Face of Defense: Wife Succeeds Husband on Deployment
By Air Force Senior Airman Stephen Linch
Special to American Forces Press Service
SOUTHWEST ASIA, Nov. 19, 2009 He was there, and then he was gone. It was just a glimpse on the night of Oct. 31. She continued to exit the C-130 Hercules that had just landed at an air base here, still scanning her surroundings to see if it could be.
Air Force Capt. Kieran Dhillon-Davis speaks with her husband, Air Force Capt. Luther Dhillon-Davis, before his departure from an air base in Southwest Asia, Nov. 13, 2009. U.S. Air Force photo by Senior Airman Stephen Linch
(Click photo for screen-resolution image);high-resolution image available.
Then she saw him again. Her face lit up as she joyfully greeted her husband at the 380th Air Expeditionary Wing reception area.
Although she was ecstatic to see her husband for the first time in six months, Air Force Capt. Kieran Dhillon-Davis, the newly arrived chief of the wing’s mental health services, didn't come here to see him. She came to take his place.
Her job is to ensure mission readiness by providing mental health services such as individual therapy, tobacco cessation aid and suicide awareness training to airmen and soldiers. She also focuses on behavior change and on stress and anger management.
Her husband, Air Force Capt. Luther Dhillon-Davis, the departing chief of mental health services, soon would return to Sheppard Air Force Base, Texas, the couple's home station. But for now, he was focusing on managing the hand-off and preparing his wife for a successful stay.
"I was eagerly anticipating her arrival," he said. "I was and still am excited to get to share with her this transition."
Over the next 14 days, he facilitated the transfer by seeing patients alongside his wife, providing her with continuity, detailing location-specific information and showing her around the wing. He noted how grateful he was to spend time with her over the changeover period, saying it was the "closest thing to a traditional mid-tour break," they would get.
The couple became acquainted when 23-year-old Kieran Dhillon enrolled in a neuropsychology class on the nature of emotion in the summer of 2002, after seeing 24-year-old Luther Davis's name on the class's roster at Loma Linda University in Loma Linda, Calif.
Over the next four years, Luther Davis would create a holiday for his college sweetheart: "Blue Day," named after her favorite color and a commemoration of their engagement. Both would join the Air Force and start their residency, and they would combine and hyphenate their last names in a wedding ceremony at a winery in Temecula, Calif.
They celebrated their third wedding anniversary separately on May 28, shortly after Luther left for his deployment.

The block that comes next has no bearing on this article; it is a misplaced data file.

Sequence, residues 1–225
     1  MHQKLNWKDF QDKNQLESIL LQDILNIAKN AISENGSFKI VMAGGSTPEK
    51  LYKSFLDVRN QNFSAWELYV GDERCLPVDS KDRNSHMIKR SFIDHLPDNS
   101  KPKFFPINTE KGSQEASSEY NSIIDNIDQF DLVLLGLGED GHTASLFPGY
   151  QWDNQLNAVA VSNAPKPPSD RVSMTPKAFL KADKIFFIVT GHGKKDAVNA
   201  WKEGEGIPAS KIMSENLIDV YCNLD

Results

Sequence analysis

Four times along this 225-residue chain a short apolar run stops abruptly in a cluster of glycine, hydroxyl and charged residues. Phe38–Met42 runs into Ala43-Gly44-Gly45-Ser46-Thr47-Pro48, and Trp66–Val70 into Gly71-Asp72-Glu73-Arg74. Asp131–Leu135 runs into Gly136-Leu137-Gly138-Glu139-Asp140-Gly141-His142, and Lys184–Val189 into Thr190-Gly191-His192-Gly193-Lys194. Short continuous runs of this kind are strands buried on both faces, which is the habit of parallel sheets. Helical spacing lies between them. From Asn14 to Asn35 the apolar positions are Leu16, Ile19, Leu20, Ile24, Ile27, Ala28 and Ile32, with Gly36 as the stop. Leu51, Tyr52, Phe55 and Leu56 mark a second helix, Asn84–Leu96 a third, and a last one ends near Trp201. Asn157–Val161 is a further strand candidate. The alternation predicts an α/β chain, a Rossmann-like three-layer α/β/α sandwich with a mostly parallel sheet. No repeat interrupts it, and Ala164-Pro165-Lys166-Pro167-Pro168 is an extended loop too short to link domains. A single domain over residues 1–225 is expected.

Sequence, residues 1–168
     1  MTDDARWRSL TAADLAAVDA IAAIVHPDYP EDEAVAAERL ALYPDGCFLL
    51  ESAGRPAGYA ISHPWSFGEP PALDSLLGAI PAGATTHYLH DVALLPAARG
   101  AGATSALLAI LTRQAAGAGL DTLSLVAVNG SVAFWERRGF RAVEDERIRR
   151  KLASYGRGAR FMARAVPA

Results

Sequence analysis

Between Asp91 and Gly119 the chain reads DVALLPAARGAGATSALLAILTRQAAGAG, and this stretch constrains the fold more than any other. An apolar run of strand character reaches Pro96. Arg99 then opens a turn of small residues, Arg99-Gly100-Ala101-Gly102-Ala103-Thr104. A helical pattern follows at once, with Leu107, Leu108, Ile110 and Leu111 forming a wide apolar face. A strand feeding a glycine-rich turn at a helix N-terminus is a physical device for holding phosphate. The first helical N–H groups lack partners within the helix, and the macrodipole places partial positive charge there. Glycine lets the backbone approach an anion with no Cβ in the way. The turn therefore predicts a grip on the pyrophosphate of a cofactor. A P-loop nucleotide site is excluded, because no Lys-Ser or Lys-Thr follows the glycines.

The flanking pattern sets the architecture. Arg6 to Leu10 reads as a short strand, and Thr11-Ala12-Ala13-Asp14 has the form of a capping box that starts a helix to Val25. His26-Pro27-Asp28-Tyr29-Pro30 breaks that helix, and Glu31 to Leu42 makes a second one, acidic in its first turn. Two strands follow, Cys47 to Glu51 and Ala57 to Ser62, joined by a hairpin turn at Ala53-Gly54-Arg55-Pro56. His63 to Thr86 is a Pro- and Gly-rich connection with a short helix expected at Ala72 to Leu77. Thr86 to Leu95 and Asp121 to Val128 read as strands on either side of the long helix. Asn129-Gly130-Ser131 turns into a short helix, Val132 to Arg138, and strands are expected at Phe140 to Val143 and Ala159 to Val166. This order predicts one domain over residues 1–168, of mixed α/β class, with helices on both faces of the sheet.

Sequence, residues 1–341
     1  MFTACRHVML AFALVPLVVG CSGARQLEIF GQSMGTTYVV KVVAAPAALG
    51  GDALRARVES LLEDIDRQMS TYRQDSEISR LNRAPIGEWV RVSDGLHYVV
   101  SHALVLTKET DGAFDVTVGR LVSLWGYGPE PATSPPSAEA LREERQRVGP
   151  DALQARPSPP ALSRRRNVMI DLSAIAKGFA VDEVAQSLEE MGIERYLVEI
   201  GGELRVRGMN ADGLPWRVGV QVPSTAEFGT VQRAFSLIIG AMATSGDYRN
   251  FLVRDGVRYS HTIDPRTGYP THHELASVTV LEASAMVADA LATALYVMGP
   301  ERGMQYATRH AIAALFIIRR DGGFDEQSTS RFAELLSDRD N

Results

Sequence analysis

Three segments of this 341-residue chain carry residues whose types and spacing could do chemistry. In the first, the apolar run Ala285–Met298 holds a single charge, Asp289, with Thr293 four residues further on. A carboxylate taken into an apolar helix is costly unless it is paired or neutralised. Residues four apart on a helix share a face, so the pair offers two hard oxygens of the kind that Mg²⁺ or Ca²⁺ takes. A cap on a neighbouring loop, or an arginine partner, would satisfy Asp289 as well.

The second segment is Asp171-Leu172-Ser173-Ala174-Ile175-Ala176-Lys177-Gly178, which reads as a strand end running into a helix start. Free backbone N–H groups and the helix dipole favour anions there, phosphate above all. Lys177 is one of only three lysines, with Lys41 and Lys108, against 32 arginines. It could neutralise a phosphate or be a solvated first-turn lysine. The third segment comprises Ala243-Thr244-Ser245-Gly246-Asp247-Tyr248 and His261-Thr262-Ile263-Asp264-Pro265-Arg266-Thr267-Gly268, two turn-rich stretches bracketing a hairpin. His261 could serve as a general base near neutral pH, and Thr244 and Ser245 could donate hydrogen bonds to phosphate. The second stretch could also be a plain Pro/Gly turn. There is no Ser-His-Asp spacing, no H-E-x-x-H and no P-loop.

They knew there would be sacrifices when both entered the Air Force. The couple agrees that getting deployed back-to-back is not an ideal situation, but they are learning to deal with the challenges it brings.
"I've had to learn how to be supportive without being there physically," admitted Luther, a 31-year-old Wichita Falls, Texas, native.
When the couple informs people of their situation, the response they normally receive is, "Geez, that sucks! Why couldn't they work something different?" he said.
Kieran explained that their career field is critically undermanned, and constant deployments have left a shortage of airmen capable of deploying. They agree the situation could have been far more stressful if they were deployed to separate locations.
As their two-week overlap drew to a close, the couple sat beside each other, smiling, laughing and getting lost in somber moments of silence -- moments that soon were ended by the realization that the KC-10 Extender was waiting on the ramp to take him home, and the two would have to say goodbye again.
In the upcoming months, Luther will re-integrate into the 82nd Medical Group and serve the airmen of Sheppard Air Force Base, and Kieran will continue to hold the line as the 380th Air Expeditionary Wing's only clinical psychologist.
Reflecting on her husband's departure, the 30-year-old Redland, Calif., native said she has only the mission at hand on her mind, and plans on “doing what I have been called out here to do, just like everyone else."
The 380th Air Expeditionary Wing provides intelligence, surveillance, reconnaissance and aerial refueling in support of Operation Enduring Freedom, Operation Iraqi Freedom and Combined Joint Task Force Horn of Africa.
(Air Force Senior Airman Stephen Linch serves with the 380th Air Expeditionary Wing public affairs office.)